People May 11, 2017

Alpine Skeen

When Kasete Skeen strolled into the Tongan embassy in London to enquire about becoming the nation’s first Olympic alpine skier, he expected to be laughed out of the building. Instead, Kasete was shocked, not only be their “overwhelming kindness and support”, but to learn that Tonga already had a snow sports committee due to a previous king’s obsession with winter sports—and have even competed in the luge. “They simply asked how they could help me,” recounts Kasete, who was born in London to a Tongan father and British mother. “Once I had the full backing of the government and the skiing federation of Tonga, it spurred me on to take it even more seriously, to see how far I could go. And I’m still going.”

 

What makes his story even more Disney-esque is that up until six months ago, Kasete was a smoking, drinking alpine novice, having skied once on a school trip, aged 12, and later, on only a handful of occasions during annual trips to Sweden to visit his girlfriend’s family. “When I began my training program in the Alps last year, I had only skied for a total of 45 days,” he tells me, via Skype, from London. “I recently had a conversation with a parent whose kid didn’t start skiing until they were 12, and they were concerned that they had left it too late. I told them that I’m sure they’ll be okay, as I didn’t start until I was 34!” Last month, Kasete completed “some really tough fields” alongside the Swiss and Italian teams and recounts that he was the only competitor to receive a round of applause at the end of each one: “Some people even want their photos taken with me, which is really weird, but also cool.”

 

Save for the “odd glass of wine once a month”, Kasete, who previously worked as a musician, has given up the ciggies and the booze. “I just had a general desire to change my life,” says the skier. “Part and parcel of the whole enterprise was to get into shape. Giving up those things was not difficult because I had a goal to focus on.”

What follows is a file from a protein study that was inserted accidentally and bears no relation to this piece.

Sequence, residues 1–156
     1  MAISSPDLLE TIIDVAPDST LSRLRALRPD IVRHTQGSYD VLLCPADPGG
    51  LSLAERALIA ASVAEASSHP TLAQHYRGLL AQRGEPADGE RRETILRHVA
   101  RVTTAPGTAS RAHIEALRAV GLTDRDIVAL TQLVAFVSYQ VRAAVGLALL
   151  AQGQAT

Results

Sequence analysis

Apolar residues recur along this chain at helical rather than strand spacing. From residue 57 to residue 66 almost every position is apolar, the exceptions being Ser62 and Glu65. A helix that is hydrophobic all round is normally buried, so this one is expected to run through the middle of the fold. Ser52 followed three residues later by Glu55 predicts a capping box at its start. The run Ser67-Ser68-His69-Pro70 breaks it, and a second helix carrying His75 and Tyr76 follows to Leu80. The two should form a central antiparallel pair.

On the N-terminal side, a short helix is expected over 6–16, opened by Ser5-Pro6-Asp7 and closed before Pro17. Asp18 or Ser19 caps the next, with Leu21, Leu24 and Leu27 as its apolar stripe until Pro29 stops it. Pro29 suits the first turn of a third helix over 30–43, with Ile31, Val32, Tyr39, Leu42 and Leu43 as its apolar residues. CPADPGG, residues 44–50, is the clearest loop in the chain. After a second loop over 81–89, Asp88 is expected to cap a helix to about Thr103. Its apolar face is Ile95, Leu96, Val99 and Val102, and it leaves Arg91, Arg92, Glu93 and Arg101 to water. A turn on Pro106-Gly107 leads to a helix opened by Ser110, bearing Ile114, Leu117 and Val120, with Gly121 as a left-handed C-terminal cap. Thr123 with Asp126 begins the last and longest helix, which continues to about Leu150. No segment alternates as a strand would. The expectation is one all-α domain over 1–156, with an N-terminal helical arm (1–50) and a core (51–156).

That goal — the 2018 Winter Olympics in South Korea — will be achieved through collecting points (or, more precisely, lack of — like in golf, the less he scores the better), accumulated through international competitions.

 

“I had travelled a little bit before, but not for any great lengths of time, so it’s nice to see some more parts of the world,” he tells me. “I’ve also discovered some nooks and crannies of Europe that most people don’t get to see, such as Sainte Foy in France.” He is currently based in Italy’s Val di Fassa, but will soon head to Queenstown, also taking the chance to catch up with extended family in Auckland, which, Kasete jokes, is all part of his “eternal winter”.

 

The skier admits that he wasn’t initially prepared for the psychological challenges of his sporting adventure. “Most skiers are part of clubs and teams, but I spend a lot of time on my own — it’s not like there’s a big group of Tongan skiers out there,” he says. “I do often feel isolated, and it gives you lots of time to think.”

 

 

Spending so much time in the outdoors certainly alters one’s mindset.

 

“Yes, definitely. It gives you a sense of scale, and compels you to take stock of what is important in life when you are surrounded by all those mountains and endless views. The weather up there can also change so quickly, and that too throws things into perspective. You realise just how fragile you are.”

 

I finish up by asking Kasete what he has most learnt about himself on the journey thus far. Interestingly, he says it has been less about finding out who he is, rather who he is not. “You start to strip back yourself,” he continues, “lose certain constructs that you thought previously defined you. It becomes this search for yourself. But it’s weird because you’re doing it in a way that is dispelling the thought of who you presumed you were, without necessarily providing the answer of who you are. It’s a feeling of being more true to yourself.”

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Words: Jamie Christian Desplaces

 

 

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